View by Territory

Drums, voices, sampling, and live electronics all fizz in a lively mix on Territory (WIDE EAR RECORDS WER059), a vaguely conceptual record created by David Meier and Ramon Landolt and recorded in Zurich. Drummer David Meier apparently plays in Schnellertollermeier, never heard by us, but they play their own unique form of math-rock in the Swiss manner laced with jazz and prog elements, and we quite liked him when he was part of a trio with Flo Stoffner (also on this label). Ramon Landolt plays piano and synth in the Heinz Herbert trio, devoted to avant-garde jazz. On Territory, the duo are trying it seems to say something about the modern urban environment; at least one song has been formed from samples derived from real estate adverts, and there’s also hints about a collaboration with Rotative Studio, which is an “experimental” architecture office. I have no idea what this means but I can’t wait to find out – we’ll see how my job application pans out, provided I can get a visa. When artists speak of “decoding” these signals that blight the modern world, I keep waiting to hear a message or intellectual proposition that’s an improvement on the 1960s movies of Jean-Luc Godard, particularly Deux ou Trois Choses or Pierrot La Fou. Sadly Territory doesn’t really deliver anything like that, and the occasions where the chaos of spoken-word jumbles give us too much information to process are rather few and far between. But it’s nice to hear the cool-and-clever combination of drumming and electronics, performed in a way that doesn’t owe a whole lot to the usual kosmische or krautrock influences, and is delivered with deliberation and precision. (15/06/2022)

NakedEye Ensemble are from Lancaster PA in the United States and are led by the very talented pianist Ju-Ping Song. Active since 2013, it seems they are highly capable musicians who play a mixture of classical, jazz, and rock music in their repertoire. On their new release A Series Of Indecipherable Glyphs (NEW FOCUS RECORDINGS FCR338), it’s mostly rock music that informs their moves – starting out with a ten-part suite by Nick Didkovsky (the guitarist from Doctor Nerve who has played with Fred Frith) and ending with compositions by Aaron Jay Myers and Richard Belcastro, taking in a 1980s piece by Frank Zappa along the way. No denying the technical prowess of all those involved, but – despite presence of electric guitar, bass, and drums – the group haven’t got a rockin’ bone in their body. The music tends to trundle along in a quirky and mannered fashion, and (worse still) does so very politely, not wanting to frighten the horses or scare the middle-class listeners in the front row. It’s as if they had to learn syncopation by rote, rather than playing it from true feeling or instinct. Even the compositions, particularly those by Didkovsky, Mayers and Belcastro, feel too “clever”, with their complicated layered melodies and intricate poly-rhythms. To be honest I’m deriving a lot more listening pleasure from the quiet and minimal keyboard passages played by the leader Ju-Ping Song, who interestingly is a master of the toy piano, a choice of instrument that might account for the very controlled and intimate sounds she makes. You can hear this quite clearly on ‘Less Is More’ composed by Molly Joyce. As to their take on Zappa, I think the man himself would have blanched at this “genteel” and bland performance. (22/07/2022)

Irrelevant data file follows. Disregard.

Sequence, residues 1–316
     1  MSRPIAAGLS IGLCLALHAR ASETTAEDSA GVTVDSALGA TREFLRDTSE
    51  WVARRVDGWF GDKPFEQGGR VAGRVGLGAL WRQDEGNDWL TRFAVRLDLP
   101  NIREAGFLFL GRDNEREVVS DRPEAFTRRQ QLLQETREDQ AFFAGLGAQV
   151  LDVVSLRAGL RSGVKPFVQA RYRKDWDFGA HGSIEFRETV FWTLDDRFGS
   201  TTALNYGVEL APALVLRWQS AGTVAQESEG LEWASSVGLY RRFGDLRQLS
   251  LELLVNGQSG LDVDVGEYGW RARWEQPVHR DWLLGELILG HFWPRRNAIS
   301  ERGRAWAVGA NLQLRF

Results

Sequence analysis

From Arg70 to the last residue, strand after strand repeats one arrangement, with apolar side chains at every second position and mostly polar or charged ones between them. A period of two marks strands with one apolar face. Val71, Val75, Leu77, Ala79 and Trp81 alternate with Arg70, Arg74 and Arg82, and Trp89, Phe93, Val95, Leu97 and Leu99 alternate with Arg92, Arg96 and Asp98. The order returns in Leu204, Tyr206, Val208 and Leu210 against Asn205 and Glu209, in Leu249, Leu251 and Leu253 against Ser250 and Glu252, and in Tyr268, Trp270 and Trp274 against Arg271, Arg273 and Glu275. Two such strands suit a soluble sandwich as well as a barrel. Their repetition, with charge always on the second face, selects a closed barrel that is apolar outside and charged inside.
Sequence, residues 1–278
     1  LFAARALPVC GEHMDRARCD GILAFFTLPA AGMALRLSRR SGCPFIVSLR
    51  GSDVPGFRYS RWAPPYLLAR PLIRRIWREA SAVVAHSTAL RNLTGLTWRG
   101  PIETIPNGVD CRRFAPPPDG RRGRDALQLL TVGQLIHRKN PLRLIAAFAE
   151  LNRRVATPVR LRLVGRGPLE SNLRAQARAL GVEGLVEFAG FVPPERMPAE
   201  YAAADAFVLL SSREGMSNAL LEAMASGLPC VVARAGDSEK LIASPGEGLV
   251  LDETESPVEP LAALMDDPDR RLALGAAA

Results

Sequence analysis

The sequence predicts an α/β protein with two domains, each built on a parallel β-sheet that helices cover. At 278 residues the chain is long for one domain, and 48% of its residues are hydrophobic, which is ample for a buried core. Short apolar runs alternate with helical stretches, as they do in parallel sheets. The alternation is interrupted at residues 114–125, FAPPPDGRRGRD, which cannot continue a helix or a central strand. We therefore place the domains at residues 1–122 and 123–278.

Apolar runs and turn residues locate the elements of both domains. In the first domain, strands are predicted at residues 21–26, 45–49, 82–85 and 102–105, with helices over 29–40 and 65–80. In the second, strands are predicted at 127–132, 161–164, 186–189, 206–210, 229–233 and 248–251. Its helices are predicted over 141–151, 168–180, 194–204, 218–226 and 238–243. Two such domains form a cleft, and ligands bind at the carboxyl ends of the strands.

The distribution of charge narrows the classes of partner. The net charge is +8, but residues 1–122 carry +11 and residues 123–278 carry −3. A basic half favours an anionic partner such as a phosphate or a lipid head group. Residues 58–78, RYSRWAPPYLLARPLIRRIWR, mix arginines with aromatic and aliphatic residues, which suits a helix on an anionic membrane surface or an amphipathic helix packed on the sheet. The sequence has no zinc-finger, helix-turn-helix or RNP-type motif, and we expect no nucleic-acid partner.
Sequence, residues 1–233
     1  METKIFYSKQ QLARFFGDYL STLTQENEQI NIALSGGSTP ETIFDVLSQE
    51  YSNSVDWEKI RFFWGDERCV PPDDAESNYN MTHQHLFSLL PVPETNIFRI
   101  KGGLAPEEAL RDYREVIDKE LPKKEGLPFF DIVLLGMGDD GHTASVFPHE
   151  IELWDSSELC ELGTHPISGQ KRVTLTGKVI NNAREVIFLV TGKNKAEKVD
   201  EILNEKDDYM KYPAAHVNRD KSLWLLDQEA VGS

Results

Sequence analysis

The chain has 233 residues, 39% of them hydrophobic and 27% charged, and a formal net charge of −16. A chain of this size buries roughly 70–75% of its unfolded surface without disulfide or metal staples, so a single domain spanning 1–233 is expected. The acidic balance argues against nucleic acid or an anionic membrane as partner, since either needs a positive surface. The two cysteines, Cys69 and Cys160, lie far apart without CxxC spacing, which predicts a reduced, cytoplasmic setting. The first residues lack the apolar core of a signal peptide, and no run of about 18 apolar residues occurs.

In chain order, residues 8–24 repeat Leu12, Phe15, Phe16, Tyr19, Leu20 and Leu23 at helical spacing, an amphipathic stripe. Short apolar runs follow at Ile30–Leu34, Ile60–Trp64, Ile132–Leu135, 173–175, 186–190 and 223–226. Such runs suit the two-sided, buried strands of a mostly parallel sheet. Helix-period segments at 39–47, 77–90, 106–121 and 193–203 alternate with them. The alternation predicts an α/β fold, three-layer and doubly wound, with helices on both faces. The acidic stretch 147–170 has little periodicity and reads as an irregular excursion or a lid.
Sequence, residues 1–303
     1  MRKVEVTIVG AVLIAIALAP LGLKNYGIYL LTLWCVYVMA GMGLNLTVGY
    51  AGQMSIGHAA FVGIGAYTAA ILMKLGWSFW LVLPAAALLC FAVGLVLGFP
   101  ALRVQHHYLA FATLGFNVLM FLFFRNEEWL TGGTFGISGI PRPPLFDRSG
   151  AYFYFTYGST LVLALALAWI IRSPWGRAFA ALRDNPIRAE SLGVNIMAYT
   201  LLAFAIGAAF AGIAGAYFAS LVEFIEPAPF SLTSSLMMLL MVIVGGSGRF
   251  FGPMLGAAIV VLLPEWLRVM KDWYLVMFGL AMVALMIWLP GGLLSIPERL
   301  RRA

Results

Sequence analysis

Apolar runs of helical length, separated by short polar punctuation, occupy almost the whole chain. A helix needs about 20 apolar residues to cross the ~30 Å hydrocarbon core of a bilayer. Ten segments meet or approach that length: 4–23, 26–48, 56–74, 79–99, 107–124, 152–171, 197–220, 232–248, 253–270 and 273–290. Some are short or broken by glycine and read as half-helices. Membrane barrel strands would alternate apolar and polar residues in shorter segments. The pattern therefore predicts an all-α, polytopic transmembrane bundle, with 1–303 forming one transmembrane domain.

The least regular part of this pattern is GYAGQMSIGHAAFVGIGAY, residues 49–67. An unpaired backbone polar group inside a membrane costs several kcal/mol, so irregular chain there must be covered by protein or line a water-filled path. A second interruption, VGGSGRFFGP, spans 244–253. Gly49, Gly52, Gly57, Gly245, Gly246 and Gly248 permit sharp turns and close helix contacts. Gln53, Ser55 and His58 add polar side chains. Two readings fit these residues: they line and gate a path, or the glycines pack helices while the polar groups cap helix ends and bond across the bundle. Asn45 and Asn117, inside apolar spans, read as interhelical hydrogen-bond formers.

Good team-up from French guitarist Raymond Boni and sax player Sakina Abdou on Sources (CIRCUM-DISC CIDI 2203), nine tunes they recorded together in a studio in Lille in 2020. Sakina Abdou is also a member of the Muzzix collective and you may have heard her work on previous records from Circum-Disc. Guitarist Boni is new to me, but I see he’s quite the veteran player and has appeared on records since 1971, starting with the famed Futura Records label and taking in Hat Hut Records along the way – plus anyone who’s played alongside Joe McPhee deserves a place at anyone’s table. He’s what I might call a very fluid guitarist, executing nimble runs at tremendous speed, and though he has a few atonal tricks lurking in his frets, he’s not so spiky as some players who have cast themselves in the Derek Bailey mould and chosen the path of “difficult” or bumpy listening. He’s able to shift into Django Reinhardt mode and switch back to free playing, sometimes within a single tune. It’s been a good pairing with Abdou, who varies the overall sound of the record by picking up her recorder or flute as the occasion demands it, and although the music is often very busy and detailed, it’s never overstated or explosive. “Two generations separate them,” noted Anne Montaron, remarking on the players’ age difference, “but the music doesn’t care about the years.” (25/07/2022)

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